5 Mindful Ways to Achieve a Peaceful Night’s Sleep

Once upon a time, you had no problem falling asleep as soon as your body hit the bed. Those were quality nights of sleep. It seems, however, that for you (like many others), challenges to sleep have, over time, become a norm. These days, you spend a few hours or more tossing and turning in bed before eventually drifting off. If your brain isn’t busy reviewing all the day’s events, it is estimating the total cost of groceries you’ll need for the next week or thinking about your upcoming meeting with someone.

Now, these are fast becoming an everyday occurrence for many of us. We live in a fast-paced world; we’re multitasking half the time on tasks that never seem to end. And as such, anxiety, pressures, and stress builds throughout the day, and the “reward” at night is sleeplessness.

For you, it seems all the sleeping “hacks” you learned have no effect no matter how hard you try. What can you do then?

For a good, peaceful night’s sleep,  “awareness” is essential. You want to tune in to the present without worrying about the next day the moment you plop into that bed. When we lose our awareness of the present, our minds tend to get stuck at our maladaptive way of thinking, and that isn’t something you want when you need to drift off after a long day.

In this post, we’ll share five Mindful Practices to help improve your sleep.

Eliminate/Cut down on Your Worries

As long as our brains still function, our minds will replay past events. Often, most of it happens late in the evening, just right around the time you should be enjoying some quality sleep. We’re either replaying our tomorrow’s “to-dos” excessively or worrying about the future. At that point, we amplify temporary problems, and they seem like a big part of reality.

What can you do? The first step is releasing all of our daytime issues and concerns. That means addressing whatever it is running through our mind before we lie down to sleep. To do this, find a quiet and comfortable place and outline every concern on your mind.

Don’t worry; they don’t have to read like an author; they’re just for your eyes.

After listing out these concerns, outline the possible solutions and maybe the steps to achieve them. Understand that you don’t have to fix every one of your concerns right away, the idea is to get them out of your mind before lying down, so they don’t impede your sleep.

Practice Mindful Breathing

This is one essential step to staying present. If offloading your concerns through writing does not help you sleep, mindful breathing is something worth trying.

The steps are easy. First, shut your eyes and place your right hand on your abdomen as you want to ensure you feel your stomach expand as you slowly breathe in.

Breathe in deeply and imagine a balloon filling with air. Pause and then exhale slowly as visualize the air being let out of the balloon. Because it is easier to exhale slowly for most people than it is to inhale, you can try concentrating on achieving a longer exhalation.

Do this repeatedly until you can feel your breath slowed and your body more relaxed. This breathing technique can also be used in an upright position anytime you’re stressed out or anxious. Remember to focus on slowing your exhalation as this would automatically slow down the accompanying inhalation.

Release Yourself Into Calm

The truth is, hardly will a day go by without its troubles as long as you have frequent contact with other humans. Stress is normal, but what you do after is what counts and, by extension, affect how well you sleep.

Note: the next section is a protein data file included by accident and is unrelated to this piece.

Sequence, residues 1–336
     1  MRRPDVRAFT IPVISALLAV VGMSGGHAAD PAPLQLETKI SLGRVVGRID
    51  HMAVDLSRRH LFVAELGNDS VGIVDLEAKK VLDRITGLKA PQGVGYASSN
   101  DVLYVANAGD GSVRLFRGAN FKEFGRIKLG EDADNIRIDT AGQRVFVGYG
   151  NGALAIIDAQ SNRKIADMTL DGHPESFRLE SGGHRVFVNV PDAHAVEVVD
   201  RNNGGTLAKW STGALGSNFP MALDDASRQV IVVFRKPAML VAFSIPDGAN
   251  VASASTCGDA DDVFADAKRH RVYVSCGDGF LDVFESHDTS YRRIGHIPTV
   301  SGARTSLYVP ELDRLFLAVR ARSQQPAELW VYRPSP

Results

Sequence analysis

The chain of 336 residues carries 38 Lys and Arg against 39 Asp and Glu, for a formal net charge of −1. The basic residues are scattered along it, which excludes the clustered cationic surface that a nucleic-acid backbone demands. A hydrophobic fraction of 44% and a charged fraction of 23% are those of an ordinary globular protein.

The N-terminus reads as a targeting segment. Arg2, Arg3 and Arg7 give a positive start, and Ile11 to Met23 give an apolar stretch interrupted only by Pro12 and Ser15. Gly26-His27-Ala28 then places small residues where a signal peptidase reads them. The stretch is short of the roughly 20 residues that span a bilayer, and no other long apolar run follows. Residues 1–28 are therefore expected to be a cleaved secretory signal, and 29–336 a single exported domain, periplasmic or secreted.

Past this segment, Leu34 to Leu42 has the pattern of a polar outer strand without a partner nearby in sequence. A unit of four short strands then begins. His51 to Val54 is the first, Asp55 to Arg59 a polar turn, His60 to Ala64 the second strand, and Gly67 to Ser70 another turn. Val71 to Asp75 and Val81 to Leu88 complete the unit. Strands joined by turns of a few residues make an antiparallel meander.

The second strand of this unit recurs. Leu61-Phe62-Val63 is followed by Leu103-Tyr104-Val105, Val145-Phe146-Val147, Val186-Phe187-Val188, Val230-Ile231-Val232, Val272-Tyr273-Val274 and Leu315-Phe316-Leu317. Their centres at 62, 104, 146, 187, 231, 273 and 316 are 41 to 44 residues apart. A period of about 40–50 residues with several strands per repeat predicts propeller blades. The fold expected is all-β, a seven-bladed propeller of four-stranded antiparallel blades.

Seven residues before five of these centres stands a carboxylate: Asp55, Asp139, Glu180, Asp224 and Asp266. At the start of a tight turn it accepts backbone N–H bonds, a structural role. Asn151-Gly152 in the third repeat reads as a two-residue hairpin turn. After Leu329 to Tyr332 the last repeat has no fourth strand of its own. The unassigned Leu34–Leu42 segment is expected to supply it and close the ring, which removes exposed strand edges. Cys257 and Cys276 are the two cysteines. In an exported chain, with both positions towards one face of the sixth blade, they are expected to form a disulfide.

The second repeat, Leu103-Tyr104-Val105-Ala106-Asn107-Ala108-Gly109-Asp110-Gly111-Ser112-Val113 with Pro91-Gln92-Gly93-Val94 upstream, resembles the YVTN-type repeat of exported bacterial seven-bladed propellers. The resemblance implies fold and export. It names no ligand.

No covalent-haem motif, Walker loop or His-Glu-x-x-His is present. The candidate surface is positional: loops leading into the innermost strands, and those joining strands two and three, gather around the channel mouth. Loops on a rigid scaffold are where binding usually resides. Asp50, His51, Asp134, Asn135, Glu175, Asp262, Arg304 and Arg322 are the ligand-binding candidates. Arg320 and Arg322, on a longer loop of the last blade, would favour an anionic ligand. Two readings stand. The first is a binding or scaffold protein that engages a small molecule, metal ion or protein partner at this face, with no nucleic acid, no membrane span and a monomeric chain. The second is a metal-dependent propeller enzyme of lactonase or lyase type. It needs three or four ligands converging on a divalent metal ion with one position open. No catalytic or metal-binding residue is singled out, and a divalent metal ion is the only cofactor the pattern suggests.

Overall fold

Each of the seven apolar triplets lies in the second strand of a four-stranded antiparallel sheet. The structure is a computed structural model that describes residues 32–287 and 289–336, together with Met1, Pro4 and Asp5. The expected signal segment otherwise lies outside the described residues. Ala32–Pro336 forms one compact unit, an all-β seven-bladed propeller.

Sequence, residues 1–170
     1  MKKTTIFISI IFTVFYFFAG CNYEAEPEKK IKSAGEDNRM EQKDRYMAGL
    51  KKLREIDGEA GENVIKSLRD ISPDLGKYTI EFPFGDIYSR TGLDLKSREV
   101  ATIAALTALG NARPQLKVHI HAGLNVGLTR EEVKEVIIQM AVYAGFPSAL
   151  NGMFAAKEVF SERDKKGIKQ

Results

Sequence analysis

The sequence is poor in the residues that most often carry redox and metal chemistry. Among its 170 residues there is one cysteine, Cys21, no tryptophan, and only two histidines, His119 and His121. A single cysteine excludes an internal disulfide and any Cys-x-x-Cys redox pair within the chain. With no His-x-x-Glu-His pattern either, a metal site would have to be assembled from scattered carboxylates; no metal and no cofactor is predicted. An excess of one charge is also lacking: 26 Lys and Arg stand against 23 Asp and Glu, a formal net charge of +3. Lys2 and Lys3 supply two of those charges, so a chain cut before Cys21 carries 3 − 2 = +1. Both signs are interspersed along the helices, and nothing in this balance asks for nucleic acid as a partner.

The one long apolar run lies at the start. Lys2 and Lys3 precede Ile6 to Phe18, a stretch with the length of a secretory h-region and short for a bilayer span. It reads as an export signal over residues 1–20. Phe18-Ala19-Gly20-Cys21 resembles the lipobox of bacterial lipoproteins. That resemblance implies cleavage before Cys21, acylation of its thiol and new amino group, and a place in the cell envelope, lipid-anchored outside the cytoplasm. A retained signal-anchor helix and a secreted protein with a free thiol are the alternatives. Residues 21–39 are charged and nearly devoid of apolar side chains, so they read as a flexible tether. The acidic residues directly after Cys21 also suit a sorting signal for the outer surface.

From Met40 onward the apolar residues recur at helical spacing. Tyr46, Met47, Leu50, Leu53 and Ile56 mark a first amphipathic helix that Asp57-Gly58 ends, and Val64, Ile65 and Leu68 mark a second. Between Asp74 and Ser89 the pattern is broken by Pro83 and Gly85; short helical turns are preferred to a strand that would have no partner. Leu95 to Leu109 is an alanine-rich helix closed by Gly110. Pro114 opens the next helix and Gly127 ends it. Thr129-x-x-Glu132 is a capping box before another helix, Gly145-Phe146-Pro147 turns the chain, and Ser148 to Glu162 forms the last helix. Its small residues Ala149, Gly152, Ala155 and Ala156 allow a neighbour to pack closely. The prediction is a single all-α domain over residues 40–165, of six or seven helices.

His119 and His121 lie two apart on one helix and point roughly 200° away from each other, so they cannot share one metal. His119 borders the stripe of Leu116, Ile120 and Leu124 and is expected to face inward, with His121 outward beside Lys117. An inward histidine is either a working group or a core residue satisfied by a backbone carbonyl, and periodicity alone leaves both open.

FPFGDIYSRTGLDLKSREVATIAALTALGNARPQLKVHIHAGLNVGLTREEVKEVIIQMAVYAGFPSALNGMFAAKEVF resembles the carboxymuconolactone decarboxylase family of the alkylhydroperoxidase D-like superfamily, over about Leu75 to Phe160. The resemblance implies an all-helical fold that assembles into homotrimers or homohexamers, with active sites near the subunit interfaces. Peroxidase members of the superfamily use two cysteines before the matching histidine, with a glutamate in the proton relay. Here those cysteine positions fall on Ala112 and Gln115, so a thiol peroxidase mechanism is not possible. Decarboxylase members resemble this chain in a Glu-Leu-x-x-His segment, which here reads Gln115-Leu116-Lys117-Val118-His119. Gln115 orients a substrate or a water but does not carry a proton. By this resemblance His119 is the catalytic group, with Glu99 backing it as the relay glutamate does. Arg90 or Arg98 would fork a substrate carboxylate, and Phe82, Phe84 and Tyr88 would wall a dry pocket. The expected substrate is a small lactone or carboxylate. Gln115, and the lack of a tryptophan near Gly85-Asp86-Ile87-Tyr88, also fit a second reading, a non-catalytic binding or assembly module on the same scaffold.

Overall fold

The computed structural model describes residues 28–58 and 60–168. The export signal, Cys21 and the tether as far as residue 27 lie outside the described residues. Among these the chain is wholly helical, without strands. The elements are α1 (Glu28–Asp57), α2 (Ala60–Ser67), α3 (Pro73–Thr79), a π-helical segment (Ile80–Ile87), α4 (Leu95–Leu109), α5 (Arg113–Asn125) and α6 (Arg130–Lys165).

At the end of each day, stress-filled or not, settle into the much-deserved rest and allow yourself to fade into that activity. It doesn’t matter whether you’re in the kitchen, cleaning out the closet, or listening to the traffic across the road.

Blend in with your surroundings and activities. Don’t fight it, release conflicts you may have had at work or with family. Consciously choose to not dwell on the arguments, the troubles, and worries. Release the pain and thoughts that accompany it. Practice exhaling anxiety, doubt, tension, and inhale peace, relaxation, and happiness.

Play Guided Meditation Sounds

Devote 10 minutes at least to nature/guided meditation sounds. Some of them include falling rain and ocean waves sounds. This works because our brains are wired to be fascinated by novelty.

The pattern of rushing waves against a shoreline is very similar to our regular, slow breathing cycle. This captures our brain’s attention until it gets bored by it, which often happens quickly, and then shuts down so you can sleep.

Note: avoid listening to audiobooks in place of nature sounds; they’re not the same thing. The former will grip your brain’s attention, and you don’t want that when you need some sleep.

Disconnect All Gadgets

An hour or two before your bedtime, disconnect from all technology. The lights from gadgets like television, phones, PCs, and tabs are distracting.

When used at night, they have even worse effects on our sleeping patterns. Stop answering or sending out emails on your computer or phone and turn these devices off.  Resist the urge to check Kim’s “insanely beautiful” food art on Instagram. That can wait till tomorrow. How about a peek at Robert’s family vacation pictures on Facebook right before bed? That too, can wait.

Final Thoughts

A busy mind, a tired and tense body, is not the best recipe for enjoyable sleep. There are several other effective nighttime rituals to help you relax and sleep better besides the five outlined. Once you begin to practice any of the activities above, you should be able to observe some positive differences in your sleeping pattern in no time.

Meditation and Mindfulness

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